…in which the author reflects on the first national environmental victory of his generation.
When I became aware of the Keystone XL campaign, I really had no idea where it would lead. On the one hand, I thought, this pipeline is just the type of thing Candidate Obama would have decried; if there were ever a president who would stop the project, it would be he. On the other hand, President Obama has barely talked about clean energy in recent months, not even mentioning climate change in his State of the Union address. Quite the opposite, his Interior Department announced a massive coal mining expansion earlier this year.
Considering the confidence within the industry–TransCanada had already spent millions on pipe, signed contracts with suppliers, and begun seizing land–victory seemed unlikely. Yet this didn’t change the anti-KXL movement, beyond charging it with urgency. The struggle, to me at least, was not something you take part in because you expect to win. It was more, “Years from now, how do I explain why I didn’t speak out against this?”
The answer is that you don’t. You speak, you write, you rally; and you do it with enough savvy to give yourself a decent chance. Then, if you lose, you can say that you fought the good fight.
That’s how I went into this: with the hope that all activism requires but also with the understanding that, too most onlookers, the Keystone XL was a done deal. So imagine my surprise when, in the midst of research for yet another anti-KXL article, I check my email and see that the pipeline has been delayed until 2013, and that this delay could prove fatal.
For me and many other young people, this success was especially meaningful. It was one of the first, if not the first national environmental victory of our lifetime. We had watched the wheels of dirty politics turn–and we’d seen them grind to a halt. To be part of something like that is nothing short of inspirational. I’ve realized that Tim DeChristopher was right when he said we “have more than enough power” to win these battles.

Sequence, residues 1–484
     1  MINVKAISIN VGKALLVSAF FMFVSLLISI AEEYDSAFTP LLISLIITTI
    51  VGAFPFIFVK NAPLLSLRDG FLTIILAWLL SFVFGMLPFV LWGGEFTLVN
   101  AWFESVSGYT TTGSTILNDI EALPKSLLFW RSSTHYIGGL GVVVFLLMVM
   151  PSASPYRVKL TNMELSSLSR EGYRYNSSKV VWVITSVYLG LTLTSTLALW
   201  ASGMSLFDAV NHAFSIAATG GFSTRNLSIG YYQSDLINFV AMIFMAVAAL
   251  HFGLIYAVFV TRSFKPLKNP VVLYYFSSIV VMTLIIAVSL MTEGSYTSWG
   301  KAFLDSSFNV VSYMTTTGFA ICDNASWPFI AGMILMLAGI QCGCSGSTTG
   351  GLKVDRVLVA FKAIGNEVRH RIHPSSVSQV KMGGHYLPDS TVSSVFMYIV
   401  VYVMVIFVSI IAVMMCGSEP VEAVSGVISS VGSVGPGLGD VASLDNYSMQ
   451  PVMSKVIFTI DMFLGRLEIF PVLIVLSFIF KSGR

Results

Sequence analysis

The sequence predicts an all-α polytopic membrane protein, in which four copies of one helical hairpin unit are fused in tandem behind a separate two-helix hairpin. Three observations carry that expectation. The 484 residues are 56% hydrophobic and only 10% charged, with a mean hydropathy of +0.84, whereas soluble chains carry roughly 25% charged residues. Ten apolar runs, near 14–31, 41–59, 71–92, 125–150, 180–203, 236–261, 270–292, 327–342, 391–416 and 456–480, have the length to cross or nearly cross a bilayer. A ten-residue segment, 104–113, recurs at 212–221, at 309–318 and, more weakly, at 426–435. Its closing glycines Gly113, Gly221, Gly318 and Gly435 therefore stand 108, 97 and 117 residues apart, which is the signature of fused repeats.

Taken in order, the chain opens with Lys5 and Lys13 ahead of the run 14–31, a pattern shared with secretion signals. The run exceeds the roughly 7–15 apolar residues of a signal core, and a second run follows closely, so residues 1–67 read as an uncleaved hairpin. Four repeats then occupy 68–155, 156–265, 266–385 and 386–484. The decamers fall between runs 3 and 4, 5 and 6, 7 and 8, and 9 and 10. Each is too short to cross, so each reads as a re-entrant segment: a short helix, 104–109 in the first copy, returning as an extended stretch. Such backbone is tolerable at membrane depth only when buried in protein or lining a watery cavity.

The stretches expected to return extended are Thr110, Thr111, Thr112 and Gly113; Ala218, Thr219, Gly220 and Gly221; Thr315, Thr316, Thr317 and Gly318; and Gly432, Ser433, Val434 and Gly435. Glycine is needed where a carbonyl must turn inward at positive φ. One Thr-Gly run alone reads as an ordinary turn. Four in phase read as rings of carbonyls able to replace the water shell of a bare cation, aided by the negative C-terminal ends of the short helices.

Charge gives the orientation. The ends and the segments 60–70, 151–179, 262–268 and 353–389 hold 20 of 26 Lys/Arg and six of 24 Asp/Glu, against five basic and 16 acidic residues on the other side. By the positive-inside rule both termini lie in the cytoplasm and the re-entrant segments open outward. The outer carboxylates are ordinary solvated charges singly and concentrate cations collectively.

I’ve also realized that, where individual concern falls short, collective action is powerful. Changing your lightbulbs won’t stop an oil pipeline. For that matter, selling your car, swearing off airplanes, and moving into an off-the-grid earthship won’t either. There’s nothing wrong with those things, but they don’t address the root causes of our problems on a big enough scale. Change is created by passionate, focused, collective movements. And that is what we now have.
We should come away from the Keystone XL victory encouraged, but we don’t have much time to congratulate ourselves. More challenges are already on the horizon. The gas industry is pushing for 20,000 fracking wells in the Delaware River watershed, a water source for millions. A vote will take place on November 21–and the White House could play a decisive role. Meanwhile, the Republican candidate for 2012 is almost sure to come out swinging against clean air, water, and energy.
But now we’re prepared. We’re organized and energized. As a movement, we know we can make a difference.
Image: Josh Lopez/Tar Sands Action